Annual 'Sumac' show at The Ark offers songwriting 'professor' Dick Siegel a chance to sing out
In 2010 Siegel was appointed DeRoy Visiting Professor in Honors at the University of Michigan, where he designed and continues to teach a songwriting course titled “Singing Out of Our Minds.” He also created and directs a two-week intensive songwriting program at the Interlochen Center for the Arts in northern Michigan that’s proved so popular there are plans to double the offerings.
Siegel will play his annual fall show, “When the Sumac is on Fire,” at The Ark on Saturday, accompanied by his band The Brandos (guitarist Brian Delaney and upright bassist David Roof). Gayelynn Mackinney, from the band Straight Ahead, will join them on drums.
“I had an idea a few years ago that it would be cool to teach. And since I had a connection with U-M, because I went to the U-M and was in the honors program and had fond memories a little light went off in my mind,” said Siegel. “To realize that I was being looked at as a valued professional in a whole different light—that was very interesting.”
Siegel, responsible for such classics as "Angelo's (Eggs Over Easy),” “Can I Sing?” and “What Would Brando Do?” has inspired plenty of songwriters in Michigan and beyond.With music ranging from jump blues and Buddy Holly-style pop to pure folk balladry, Siegel was named in WDET's list of the most important and influential artists in the history of Detroit. He has also been featured on NPR’s “Mountain Stage,” “All Things Considered,” and in Sing Out! magazine. Long-time Ann Arborites may recall gigs by Dick Siegel & His Ministers of Melody at the late, lamented Joe’s Star Lounge.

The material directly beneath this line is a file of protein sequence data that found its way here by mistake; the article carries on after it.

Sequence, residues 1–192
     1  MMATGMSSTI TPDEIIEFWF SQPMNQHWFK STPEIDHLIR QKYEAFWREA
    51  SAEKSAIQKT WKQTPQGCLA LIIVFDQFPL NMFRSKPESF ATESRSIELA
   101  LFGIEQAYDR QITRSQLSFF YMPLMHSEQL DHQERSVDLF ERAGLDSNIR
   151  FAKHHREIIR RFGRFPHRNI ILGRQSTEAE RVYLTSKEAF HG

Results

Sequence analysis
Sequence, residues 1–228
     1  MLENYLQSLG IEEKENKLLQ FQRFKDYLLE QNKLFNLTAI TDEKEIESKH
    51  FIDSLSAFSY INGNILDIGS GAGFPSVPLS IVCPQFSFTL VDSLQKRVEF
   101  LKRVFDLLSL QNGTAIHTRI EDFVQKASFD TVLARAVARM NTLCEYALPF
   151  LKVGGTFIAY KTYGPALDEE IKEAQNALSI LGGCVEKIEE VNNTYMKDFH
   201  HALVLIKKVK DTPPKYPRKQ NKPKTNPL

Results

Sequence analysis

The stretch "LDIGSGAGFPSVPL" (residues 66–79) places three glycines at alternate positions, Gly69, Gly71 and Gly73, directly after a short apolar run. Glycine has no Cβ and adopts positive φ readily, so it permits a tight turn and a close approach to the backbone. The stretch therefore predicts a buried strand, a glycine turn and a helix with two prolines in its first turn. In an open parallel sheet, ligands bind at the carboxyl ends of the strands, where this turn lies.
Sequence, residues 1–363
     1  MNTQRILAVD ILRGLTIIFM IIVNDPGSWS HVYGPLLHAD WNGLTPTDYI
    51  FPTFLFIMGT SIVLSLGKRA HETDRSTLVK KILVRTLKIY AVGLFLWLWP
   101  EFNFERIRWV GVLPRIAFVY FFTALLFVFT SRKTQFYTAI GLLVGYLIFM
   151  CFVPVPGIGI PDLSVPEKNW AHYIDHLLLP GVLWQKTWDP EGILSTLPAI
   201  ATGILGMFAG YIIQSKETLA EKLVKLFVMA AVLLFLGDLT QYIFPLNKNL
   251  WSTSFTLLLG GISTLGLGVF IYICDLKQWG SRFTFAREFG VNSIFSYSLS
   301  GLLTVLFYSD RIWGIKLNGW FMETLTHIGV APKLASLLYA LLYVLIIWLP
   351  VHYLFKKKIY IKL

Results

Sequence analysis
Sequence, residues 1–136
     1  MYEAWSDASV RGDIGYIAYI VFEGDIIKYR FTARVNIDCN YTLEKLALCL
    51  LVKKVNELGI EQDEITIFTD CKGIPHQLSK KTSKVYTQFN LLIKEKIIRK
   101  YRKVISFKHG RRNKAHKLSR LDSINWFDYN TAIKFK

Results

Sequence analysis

“This is something I could feel was an opportunity for me to do something different,” Siegel said of his latest career. “I’ve always enjoyed teaching. And I’ve also thought a lot about creativity - both sisters of mine are artists - so something was going on in my family that enabled us to take that route. I’ve always though creativity is not something just a few people are born with. It’s something everybody is born with. It’s what allows us to survive, this creative thinking.”
Siegel said he believes people are just waiting to have their inner creativity unlocked.
“Most people don’t even realize they might have this and few people actually nurture this,” he said. “It’s something that if I create the right environment, with the right approach, I can nurture this thing and people can discover it in themselves. It can be extremely fulfilling to see this thing happen with somebody.
“Language and music comes so naturally to humans, and the combination of these things is so powerful it gives information in a way that neither music nor language by themselves can do,” added Siegel.
For the Ark show, Siegel's 14-year-old daughter Arden will also perform some tunes with the band. He will also have some new songs at the ready.
Siegel and the band released a live CD last fall, and said they plan to go back into the studio soon. “There’s a lot of new material that we currently perform and there are a lot of songs that are so new we haven’t performed them yet,” he said.
“There’s going be some surprises in terms of opening,” he said of the show. “I would say at this point I am excited about it, but I am not sure what it will be.”